by Michael E. Brooks
“And Jesus said to them, ‘A prophet is not without honor, except in his hometown and among his relatives and in his own household” (Mark 6:4 ESV).
I have long recognized that a certain portion of the attention which people in Asia pay to my preaching has to do with the fact that I am a foreigner.
Perhaps that is heightened even more by my identity as an American. They come and listen partially from the assumption that I have greater knowledge than their more familiar local teachers, and partially from sheer curiosity.
The first nationally known speaker whom I can remember hearing in person was former president Harry S. Truman, when he was campaigning on behalf of John F. Kennedy.
My parents took the family to the city park in our hometown to hear him. Though I no longer remember much detail of his speech, his status as an outsider and a celebrity assured that there would be a permanent impact from the occasion.
Even Jesus was not immune from this phenomenon. Wherever he went, great multitudes came out to hear him (Matthew 4:25; Mark 6:33-34). Except, that is, at Nazareth.
There in his home village the local people who knew him best “took offense at him” (Mark 6:3). “And he could do no mighty work there, except that he laid his hands on a few sick people and healed them” (verse 5).
Why could Jesus not perform miracles in Nazareth? Was it because their unbelief limited his power? No, the answer is much simpler than that. Because they did not believe in him, they would not go and ask him to help them.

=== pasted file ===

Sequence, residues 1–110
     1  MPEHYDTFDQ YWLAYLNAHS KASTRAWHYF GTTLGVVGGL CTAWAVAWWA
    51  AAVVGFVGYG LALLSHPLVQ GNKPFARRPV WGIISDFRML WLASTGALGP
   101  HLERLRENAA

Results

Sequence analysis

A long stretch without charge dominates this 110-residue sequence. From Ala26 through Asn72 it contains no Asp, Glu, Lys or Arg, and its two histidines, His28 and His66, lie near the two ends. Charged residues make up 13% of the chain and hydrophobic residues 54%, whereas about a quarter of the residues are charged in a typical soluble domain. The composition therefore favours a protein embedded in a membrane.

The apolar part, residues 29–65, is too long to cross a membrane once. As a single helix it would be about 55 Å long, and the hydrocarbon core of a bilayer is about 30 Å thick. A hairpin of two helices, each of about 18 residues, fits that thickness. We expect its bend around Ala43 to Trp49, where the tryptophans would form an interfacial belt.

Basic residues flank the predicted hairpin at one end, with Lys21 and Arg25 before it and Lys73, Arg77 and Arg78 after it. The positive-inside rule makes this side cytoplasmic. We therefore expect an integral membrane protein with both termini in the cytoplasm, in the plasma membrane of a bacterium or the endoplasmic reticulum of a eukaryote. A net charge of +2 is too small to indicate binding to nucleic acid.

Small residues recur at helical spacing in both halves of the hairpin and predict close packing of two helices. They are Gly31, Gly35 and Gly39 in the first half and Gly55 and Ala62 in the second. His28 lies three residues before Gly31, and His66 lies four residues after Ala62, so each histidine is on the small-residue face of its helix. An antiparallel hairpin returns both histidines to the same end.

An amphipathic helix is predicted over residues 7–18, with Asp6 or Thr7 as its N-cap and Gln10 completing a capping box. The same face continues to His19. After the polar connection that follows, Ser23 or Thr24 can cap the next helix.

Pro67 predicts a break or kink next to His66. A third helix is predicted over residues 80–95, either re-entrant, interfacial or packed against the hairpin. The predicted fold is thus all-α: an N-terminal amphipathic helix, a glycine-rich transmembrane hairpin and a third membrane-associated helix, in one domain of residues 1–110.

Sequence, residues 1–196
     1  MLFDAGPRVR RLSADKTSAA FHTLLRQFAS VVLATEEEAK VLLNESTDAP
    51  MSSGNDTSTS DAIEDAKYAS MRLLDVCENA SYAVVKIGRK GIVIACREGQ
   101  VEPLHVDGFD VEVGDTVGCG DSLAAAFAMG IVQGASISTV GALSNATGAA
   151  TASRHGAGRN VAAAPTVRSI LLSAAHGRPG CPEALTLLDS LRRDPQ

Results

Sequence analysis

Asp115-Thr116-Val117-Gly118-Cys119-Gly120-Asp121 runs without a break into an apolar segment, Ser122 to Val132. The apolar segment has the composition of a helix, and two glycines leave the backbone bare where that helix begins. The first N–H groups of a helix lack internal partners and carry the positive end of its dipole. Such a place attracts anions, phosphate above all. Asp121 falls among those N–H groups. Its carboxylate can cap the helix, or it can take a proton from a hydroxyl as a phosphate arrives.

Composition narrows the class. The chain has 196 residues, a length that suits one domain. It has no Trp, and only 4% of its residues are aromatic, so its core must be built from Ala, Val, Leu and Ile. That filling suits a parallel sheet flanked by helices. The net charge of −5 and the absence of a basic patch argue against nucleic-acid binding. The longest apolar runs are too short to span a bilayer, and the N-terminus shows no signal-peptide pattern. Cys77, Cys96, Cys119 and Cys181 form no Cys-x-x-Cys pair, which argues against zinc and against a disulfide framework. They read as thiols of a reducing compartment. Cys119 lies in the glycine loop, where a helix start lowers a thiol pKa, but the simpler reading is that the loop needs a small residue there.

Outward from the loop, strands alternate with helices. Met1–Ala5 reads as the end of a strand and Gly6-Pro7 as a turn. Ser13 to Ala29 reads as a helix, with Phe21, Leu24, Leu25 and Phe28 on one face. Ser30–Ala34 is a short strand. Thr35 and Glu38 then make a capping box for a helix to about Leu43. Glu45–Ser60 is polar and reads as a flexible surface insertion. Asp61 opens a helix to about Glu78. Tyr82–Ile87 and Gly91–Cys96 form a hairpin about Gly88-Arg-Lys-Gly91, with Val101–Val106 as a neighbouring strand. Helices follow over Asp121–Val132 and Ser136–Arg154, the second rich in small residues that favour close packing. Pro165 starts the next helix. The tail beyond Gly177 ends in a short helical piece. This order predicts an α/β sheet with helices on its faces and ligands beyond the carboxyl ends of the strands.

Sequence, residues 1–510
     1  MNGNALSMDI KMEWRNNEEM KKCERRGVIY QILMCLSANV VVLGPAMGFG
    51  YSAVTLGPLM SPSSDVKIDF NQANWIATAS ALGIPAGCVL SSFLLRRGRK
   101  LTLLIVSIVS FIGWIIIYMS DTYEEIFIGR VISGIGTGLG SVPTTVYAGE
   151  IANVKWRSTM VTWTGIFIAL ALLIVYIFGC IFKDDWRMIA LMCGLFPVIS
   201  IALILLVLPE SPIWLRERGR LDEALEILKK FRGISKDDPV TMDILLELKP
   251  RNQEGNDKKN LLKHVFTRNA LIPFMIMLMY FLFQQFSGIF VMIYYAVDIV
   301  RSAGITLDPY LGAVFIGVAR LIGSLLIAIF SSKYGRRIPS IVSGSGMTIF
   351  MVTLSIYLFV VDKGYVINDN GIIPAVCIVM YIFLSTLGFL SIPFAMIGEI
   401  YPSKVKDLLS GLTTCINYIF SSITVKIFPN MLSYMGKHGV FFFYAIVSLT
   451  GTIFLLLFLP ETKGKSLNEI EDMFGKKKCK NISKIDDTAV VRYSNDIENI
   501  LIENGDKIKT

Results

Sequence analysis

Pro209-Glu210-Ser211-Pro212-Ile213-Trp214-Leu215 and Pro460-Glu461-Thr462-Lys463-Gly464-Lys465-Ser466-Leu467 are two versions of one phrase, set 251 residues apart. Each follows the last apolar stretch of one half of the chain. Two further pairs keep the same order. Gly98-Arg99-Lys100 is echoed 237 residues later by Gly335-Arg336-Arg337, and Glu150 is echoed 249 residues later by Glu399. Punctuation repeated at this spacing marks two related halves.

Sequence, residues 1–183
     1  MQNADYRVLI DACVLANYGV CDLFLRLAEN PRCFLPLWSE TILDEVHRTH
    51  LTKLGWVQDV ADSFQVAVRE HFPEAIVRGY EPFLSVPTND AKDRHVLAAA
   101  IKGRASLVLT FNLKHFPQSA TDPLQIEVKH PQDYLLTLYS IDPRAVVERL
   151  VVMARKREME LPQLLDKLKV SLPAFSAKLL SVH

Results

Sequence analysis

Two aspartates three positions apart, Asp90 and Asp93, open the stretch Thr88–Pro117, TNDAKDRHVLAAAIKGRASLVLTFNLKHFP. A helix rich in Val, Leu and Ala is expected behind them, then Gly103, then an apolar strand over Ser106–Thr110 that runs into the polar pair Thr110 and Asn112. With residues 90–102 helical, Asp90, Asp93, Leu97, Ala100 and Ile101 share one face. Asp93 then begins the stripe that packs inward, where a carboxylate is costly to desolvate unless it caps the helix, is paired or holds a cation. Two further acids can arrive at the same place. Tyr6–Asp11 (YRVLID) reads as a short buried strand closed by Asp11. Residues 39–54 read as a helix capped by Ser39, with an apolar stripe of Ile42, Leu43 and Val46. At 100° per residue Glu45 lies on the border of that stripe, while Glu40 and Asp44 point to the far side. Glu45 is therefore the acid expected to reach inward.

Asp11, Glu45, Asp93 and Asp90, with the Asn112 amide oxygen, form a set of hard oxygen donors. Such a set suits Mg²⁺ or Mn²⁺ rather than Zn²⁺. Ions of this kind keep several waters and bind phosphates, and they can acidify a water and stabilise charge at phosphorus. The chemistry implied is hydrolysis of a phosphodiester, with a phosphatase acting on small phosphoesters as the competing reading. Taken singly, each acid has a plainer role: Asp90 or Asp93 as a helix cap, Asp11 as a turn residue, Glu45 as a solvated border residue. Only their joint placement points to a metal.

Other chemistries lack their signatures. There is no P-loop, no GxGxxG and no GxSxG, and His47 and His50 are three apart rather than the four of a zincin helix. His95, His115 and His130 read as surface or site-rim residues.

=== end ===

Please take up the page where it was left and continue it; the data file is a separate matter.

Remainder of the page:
“You do not have, because you do not ask” (James 4:2).
We can easily put ourselves in their shoes. Would we go to our child’s former playmate expecting some extra special performance? It is not likely, to say the least.
Yet who knows us best? Is it not these same hometown friends and relatives? If our character and abilities are outstanding, should they not be aware of them?
Is it really that only strangers truly respect us? Or is it more likely that the prophet is often dishonored among friends because they may know too much about him?
I am certainly not suggesting that Jesus had any flaws that were known in Nazareth, or that there were some kind of skeletons in his closet (though who knows what rumors about his birth might have still lingered in Galilee?).
But none of us today can claim the same sinless perfection which our Savior achieved (Hebrews 4:15). We do have secrets and past indiscretions which harm our reputations and influence. These are of course most familiar to those who have known us the longest and best.
Yet, to whom do we most want to take the message of salvation? Is it not to that same group of friends and family? How can we overcome the dishonor which we have justly deserved? We cannot live life over again, undoing our sins. Is there no solution?
The answer is repentance.
In Mark 5:1-20, we are told of a man possessed by demons whom Jesus cured. He had been a terror to his community, living naked among the tombs, impossible for his neighbors to restrain. Yet, after Jesus cast the demon from him, he was found “sitting there, clothed and in his right mind” (verse 15).
In this condition Jesus sent him back to his own home to “tell them how much the Lord has done for you, and how he has had mercy on you” (verse 19). They received his message favorably (verse 20).
Repentance is a commitment to change, and to ask God for forgiveness. When that change is real and evident honor and respect can be restored, even in one’s home town among friends and family. Thank God for this blessing.